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It’s not often us bookish types manage to put down what we’re reading and convene in the company of strangers, much less thousands of them. Reading is more of a solitary sport, to be enjoyed alone on couches or beds or trains. And yet! With writers like Claire Messud, Colum McCann, Margaret Atwood, Atul Gawande, Bill Clegg, Vivian Gornick and many, many others holding court and in conversation, this weekend’s Boston Book Festival is worth leaving the house for.
Here with a little guidance, we rounded up our picks for what not to miss. By no means is this an exhaustive list: The full schedule is here.
This event is technically sold out. But as it’s the festival’s kickoff keynote, and features visionary author Margaret Atwood, we couldn’t let it go unmentioned. Atwood, beyond her dozens of published works (most of them prize winning or nominated), was the first contributor to the Future Library Project. In conversation with the writer Kelly Link, Atwood will discuss her newest book, “The Heart Goes Last.” Unclaimed tickets will be made available on a first-come, first-serve basis at the door.
Friday, Oct. 23, 7:30 p.m. | Old South Church Sanctuary | Tickets: $10
Claire Messud and Colum McCann
Hosting the fiction keynote is author Claire Messud, best known for her 2006 book “The Emperor's Children,” and more recently “The Woman Upstairs.” She’ll be speaking with Colum McCann, who won the National Book Award for his masterful novel “Let the Great World Spin.” McCann will be discussing his newest collection of short fiction, “Thirteen Ways of Looking.”
Saturday, Oct. 24, 4 p.m. | Church of the Covenant | Free
Should you decide to chose nonfiction over fiction (quite literally; this is scheduled at the same time as Messud and McCann’s keynote) Atul Gawande will be in conversation with WBUR’s Meghna Chakrabarti. Gawande is a surgeon at Brigham and Women’s Hospital and a staff writer at The New Yorker, where he writes about public health and policy. He will be discussing his fourth and newest book “Being Mortal: Medicine and What Matters in the End,” in which he examines end-of-life care. Few writers save for, say, the late Oliver Sacks, can write about medicine and health with such elegance.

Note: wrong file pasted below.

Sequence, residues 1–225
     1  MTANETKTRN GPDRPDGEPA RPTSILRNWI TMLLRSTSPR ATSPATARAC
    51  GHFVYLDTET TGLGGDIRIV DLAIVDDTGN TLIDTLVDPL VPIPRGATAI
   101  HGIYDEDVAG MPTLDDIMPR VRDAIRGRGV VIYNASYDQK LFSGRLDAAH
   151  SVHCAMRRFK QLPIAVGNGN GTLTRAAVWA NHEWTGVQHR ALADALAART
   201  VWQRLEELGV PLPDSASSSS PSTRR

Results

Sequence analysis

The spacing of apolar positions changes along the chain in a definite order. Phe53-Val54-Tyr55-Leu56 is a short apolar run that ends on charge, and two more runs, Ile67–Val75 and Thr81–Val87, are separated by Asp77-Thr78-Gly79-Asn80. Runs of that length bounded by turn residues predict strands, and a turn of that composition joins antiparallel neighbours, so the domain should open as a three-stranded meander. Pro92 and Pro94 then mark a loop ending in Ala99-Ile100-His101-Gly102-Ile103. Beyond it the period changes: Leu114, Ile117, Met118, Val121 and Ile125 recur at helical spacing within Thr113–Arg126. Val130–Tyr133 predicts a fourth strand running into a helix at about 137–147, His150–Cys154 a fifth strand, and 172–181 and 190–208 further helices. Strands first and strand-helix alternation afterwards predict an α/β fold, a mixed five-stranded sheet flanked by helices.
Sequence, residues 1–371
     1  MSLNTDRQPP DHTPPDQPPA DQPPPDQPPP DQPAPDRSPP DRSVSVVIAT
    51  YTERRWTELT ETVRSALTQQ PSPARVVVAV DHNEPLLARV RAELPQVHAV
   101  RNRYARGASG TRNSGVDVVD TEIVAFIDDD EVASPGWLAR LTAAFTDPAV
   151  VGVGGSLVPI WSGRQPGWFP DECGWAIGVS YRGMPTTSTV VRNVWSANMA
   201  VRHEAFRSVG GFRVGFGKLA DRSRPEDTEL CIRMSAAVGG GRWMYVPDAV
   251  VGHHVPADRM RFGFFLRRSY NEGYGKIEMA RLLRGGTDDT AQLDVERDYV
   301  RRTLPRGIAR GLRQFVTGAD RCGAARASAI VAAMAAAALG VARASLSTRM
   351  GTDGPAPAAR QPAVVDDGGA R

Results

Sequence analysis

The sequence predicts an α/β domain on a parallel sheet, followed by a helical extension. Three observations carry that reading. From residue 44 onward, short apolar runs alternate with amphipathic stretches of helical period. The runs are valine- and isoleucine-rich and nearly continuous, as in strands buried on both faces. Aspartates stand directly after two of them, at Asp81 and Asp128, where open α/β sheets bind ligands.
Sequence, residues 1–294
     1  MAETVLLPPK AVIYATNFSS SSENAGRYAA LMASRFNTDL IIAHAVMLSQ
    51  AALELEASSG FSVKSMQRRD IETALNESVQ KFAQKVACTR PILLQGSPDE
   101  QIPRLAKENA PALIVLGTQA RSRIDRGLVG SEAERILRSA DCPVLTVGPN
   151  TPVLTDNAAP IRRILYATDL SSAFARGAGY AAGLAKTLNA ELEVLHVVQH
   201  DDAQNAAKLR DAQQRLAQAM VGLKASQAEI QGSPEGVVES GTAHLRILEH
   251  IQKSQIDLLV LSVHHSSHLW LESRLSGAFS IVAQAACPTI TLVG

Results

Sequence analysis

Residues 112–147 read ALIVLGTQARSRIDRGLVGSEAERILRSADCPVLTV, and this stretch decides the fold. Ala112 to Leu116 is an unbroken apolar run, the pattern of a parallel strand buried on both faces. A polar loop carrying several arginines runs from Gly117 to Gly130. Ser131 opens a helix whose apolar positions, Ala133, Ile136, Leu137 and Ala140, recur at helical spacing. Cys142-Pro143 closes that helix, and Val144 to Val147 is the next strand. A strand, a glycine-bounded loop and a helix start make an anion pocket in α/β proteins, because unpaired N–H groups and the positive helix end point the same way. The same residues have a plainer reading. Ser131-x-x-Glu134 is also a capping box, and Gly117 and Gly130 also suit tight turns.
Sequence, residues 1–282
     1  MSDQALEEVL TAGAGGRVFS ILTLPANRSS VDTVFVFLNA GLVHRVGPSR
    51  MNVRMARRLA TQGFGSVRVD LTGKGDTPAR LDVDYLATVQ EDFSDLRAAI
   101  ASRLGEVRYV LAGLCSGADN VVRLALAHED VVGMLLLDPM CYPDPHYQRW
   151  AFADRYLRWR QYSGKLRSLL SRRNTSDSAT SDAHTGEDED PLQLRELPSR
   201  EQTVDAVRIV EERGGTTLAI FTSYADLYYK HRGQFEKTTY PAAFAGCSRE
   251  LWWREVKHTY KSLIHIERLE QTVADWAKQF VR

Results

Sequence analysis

Saturday, Oct. 24, 4 p.m. | Old South Church Sanctuary | Free
“But Enough About Me: Reimagining the Memoir”
A trifecta of fabulous memoirists will convene to discuss the challenges, complexities and literary rebirth of the genre. Living legend Vivian Gornick, whose newest memoir “The Odd Woman and the City” is receiving widespread acclaim, will be joined by the writers Heidi Julavits (“The Folded Clock”) and Nina MacLaughlin (“Hammer Head”).
Saturday, Oct. 24, 12:30 p.m. | First Church Sanctuary | Free
Bill Clegg and Dawn Tripp
Everyone is talking about Bill Clegg and his debut novel “Did You Ever Have a Family,” and for good reason. Clegg, a longtime literary agent, tried his hand at fiction writing in this tragedy about a woman reeling from the unexpected loss of her family. He seems to have landed a stunner (the book was longlisted for both the Man Booker Prize and the National Book Award). Clegg will be in conversation with the novelist Dawn Tripp (“Game of Secrets”) — he was her first agent.
Saturday, Oct. 24, 5:30 p.m. | Boston Common Hotel, Hancock | Free
America’s leading (and often controversial) literary critic James Wood will be delivering the festival’s humanities keynote. Wood, who writes for The New Yorker and teaches at Harvard, will discuss his recent book “The Nearest Thing to Life,” in which he argues literature serves an invaluable — and oft ignored — purpose in our lives. We’re guessing his message won’t come as a surprise to this crowd.
Saturday, Oct. 24, 2:15 p.m. | Church of the Covenant | Free
“It's a Crime”
We like the sound of these writers and their true-crime tales: Ben Mezrich wrote about corrupt Russian oligarchs in his recent “Once Upon a Time in Russia;” Stephen Kukjian investigated the Gardner Museum heist in “Master Thieves: The Boston Gangsters Who Pulled Off the World’s Greatest Art Heist;” and Deborah Halber explored the phenomenon of amateur Internet detectives in “The Skeleton Crew.” The trio will discuss writing stuff you just can’t make up, moderated by Boston Globe reporter Sacha Pfeiffer.
Saturday, Oct. 24, 12:45 p.m. | Boston Common Hotel, Hancock | Free
Louis Sachar — author of the beloved Newbery Medal-winning novel “Holes” — will be discussing his newest book, “Fuzzy Mud,” a madcap eco-cautionary tale, for the kids' keynote. He’ll be joined by Horn Book editor Roger Sutton.
Saturday, Oct. 24, 10:45 a.m. | Old South Church, Sanctuary | Free
“Hits, Hooks, and Jam Bands”
Three music writers — Rolling Stone's Alan Light (“Let’s Go Crazy: Prince and the Making of Purple Rain”), Walter Holland (“Phish’s A Live One”) and The New Yorker's John Seabrook (“The Song Machine: Inside the Hit Factory”) — will gather to discuss what, exactly, makes a hit song. The discussion will be moderated by Tom Ashbrook, host of NPR and WBUR's On Point.
Saturday, Oct. 24, 2:15 p.m. | Old South Church, Sanctuary | Free
Amanda Palmer and Neil Gaiman
This event is also sold-out. But in the spirit of Amanda Palmer’s memoir “The Art of Asking” (which she’ll be discussing with her husband, the novelist Neil Gaiman) ... maybe try asking? Unclaimed tickets will be made available on a first-come, first-serve basis at the door.
Saturday, Oct. 24, 5:45 p.m. | Old South Church, Sanctuary | Tickets: $10
Matt Mullen studies at Emerson College and is an editorial assistant at Ploughshares, the literary journal.
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